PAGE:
... a very pleasant week at the charming residence of Mr. Willcox. The latter entertained a good deal, and Frank met at his house several of the leading merchants of New Orleans, and acquired a good deal of knowledge of the state of the country. Most of them were incredulous as to the stories of the abundance of gold in California. That gold had been discovered they did not deny; but they were of opinion that the find would be an isolated one, ...
— Captain Bayley's Heir: - A Tale of the Gold Fields of California • G. A. Henty

... substance, the word for the thing, appearance for reality, and abstract formula for truth. It lives in a world of intellectual assignats. If you talk to a Frenchman of art, of language, of religion, of the state, of duty, of the family, you feel in his way of speaking that his thought remains outside the subject, that he never penetrates into its substance, its inmost core. He is not striving to understand it ...
— Amiel's Journal • Mrs. Humphry Ward

... a manner that seemed to him incomprehensible. He exerted himself, however, so far as to write to Russell, to implore his forgiveness, and to solicit a return of his friendship, which, in his present state of unhappiness, was more necessary to him than ever. When he had finished and despatched this letter, he sunk again into a sort of reckless state, without hope or determination, as to his future life. He could not decide ...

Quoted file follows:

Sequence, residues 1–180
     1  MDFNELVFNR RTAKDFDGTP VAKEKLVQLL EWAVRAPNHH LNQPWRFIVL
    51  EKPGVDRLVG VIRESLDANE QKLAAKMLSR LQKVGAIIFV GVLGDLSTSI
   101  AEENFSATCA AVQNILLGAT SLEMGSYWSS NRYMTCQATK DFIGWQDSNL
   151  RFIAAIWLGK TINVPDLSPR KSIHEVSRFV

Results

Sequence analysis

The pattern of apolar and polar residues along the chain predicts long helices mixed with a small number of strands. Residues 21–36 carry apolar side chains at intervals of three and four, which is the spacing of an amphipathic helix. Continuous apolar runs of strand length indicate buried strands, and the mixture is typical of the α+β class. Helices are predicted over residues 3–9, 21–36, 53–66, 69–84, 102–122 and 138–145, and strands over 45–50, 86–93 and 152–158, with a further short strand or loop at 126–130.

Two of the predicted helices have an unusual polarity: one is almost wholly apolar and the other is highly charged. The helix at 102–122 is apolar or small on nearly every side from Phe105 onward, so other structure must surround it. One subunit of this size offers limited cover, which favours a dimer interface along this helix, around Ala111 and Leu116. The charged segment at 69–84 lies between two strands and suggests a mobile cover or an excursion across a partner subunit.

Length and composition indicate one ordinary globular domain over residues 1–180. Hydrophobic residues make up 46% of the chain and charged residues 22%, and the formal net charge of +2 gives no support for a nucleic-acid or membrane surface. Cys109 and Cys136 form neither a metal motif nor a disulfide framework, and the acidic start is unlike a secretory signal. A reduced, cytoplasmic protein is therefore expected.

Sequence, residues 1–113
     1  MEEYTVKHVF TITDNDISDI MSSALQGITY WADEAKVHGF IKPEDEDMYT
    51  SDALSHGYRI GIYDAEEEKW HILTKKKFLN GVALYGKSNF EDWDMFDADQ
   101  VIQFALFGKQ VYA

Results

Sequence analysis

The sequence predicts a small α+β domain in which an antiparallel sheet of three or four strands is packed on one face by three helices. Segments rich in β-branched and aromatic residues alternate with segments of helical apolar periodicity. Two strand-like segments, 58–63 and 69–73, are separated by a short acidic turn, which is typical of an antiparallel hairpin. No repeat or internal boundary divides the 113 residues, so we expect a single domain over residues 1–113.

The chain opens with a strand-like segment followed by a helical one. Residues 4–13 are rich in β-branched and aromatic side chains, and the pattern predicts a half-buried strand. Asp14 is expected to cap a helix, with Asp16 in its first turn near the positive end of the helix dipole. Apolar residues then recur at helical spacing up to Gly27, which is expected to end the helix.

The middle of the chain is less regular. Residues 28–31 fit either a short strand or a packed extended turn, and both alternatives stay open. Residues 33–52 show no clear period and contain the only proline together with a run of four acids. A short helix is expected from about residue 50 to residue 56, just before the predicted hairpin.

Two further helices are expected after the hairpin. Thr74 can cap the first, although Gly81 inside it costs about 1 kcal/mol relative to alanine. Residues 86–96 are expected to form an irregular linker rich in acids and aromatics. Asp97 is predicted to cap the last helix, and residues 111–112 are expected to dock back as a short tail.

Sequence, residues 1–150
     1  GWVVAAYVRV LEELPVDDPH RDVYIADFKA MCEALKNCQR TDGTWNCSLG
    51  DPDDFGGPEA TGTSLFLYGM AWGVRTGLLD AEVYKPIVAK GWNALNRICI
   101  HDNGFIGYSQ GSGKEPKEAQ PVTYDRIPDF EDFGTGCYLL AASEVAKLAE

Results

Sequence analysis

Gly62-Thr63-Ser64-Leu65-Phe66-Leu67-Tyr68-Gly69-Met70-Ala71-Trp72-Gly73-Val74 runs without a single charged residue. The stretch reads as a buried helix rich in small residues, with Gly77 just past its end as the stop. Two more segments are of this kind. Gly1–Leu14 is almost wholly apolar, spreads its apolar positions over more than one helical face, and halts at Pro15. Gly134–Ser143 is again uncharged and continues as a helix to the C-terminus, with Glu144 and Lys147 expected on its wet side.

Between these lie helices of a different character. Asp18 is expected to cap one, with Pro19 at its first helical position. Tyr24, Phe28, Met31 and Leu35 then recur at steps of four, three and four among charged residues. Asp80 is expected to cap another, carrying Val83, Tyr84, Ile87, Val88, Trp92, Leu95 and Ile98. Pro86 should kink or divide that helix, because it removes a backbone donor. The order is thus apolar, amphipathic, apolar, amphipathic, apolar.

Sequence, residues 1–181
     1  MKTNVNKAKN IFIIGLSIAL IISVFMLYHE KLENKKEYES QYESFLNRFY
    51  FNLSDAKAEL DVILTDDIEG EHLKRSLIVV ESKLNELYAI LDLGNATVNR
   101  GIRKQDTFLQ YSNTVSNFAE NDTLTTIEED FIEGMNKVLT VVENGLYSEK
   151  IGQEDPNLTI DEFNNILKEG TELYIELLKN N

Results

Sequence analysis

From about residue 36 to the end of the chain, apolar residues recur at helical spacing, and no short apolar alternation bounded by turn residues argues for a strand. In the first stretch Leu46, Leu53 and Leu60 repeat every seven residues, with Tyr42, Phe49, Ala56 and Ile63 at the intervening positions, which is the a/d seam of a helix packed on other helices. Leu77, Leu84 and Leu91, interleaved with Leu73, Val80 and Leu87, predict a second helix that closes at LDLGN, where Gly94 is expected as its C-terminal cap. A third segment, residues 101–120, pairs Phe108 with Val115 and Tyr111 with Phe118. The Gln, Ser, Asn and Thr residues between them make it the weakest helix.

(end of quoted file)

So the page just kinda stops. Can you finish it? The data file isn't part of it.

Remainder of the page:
— Tales and Novels, Vol. V - Tales of a Fashionable Life • Maria Edgeworth

... tasted to the bitter dregs the death that belongs to our sin. And then following that, He was crowned with glory and honour. And so He rises to the place of mastery over all that belongs to perfect man. So He brings all creation into the glad subjection which is its natural happy state. It is for earth's sake, for the race's sake, and for the sake of our faithful companions and servants, the whole lower creation, that Christ ...
— Quiet Talks on the Crowned Christ of Revelation • S. D. Gordon

... with your husband one of the pillars of church and state, do you shrink with disgust from that poor creature who comes flaunting down Broadway? None but the white-handed enter your parlors, and the men (?) who are hunting such poor girls to perdition will sit on the sofa with your daughters this evening. Be not too confident. Your ...
— What Can She Do? • Edward Payson Roe

... expended a hundred and fifteen crowns reflecting that this was a large sum, and that I must keep some money for play, I was glad to learn that in the crowded state of the city even men with high rank were putting up with poor lodging; I determined, therefore, to combine economy with a scheme which I had in my head by taking the rooms in which my mother died, with one room below them. This I did, hiring such furniture as I needed, ...
— A Gentleman of France • Stanley Weyman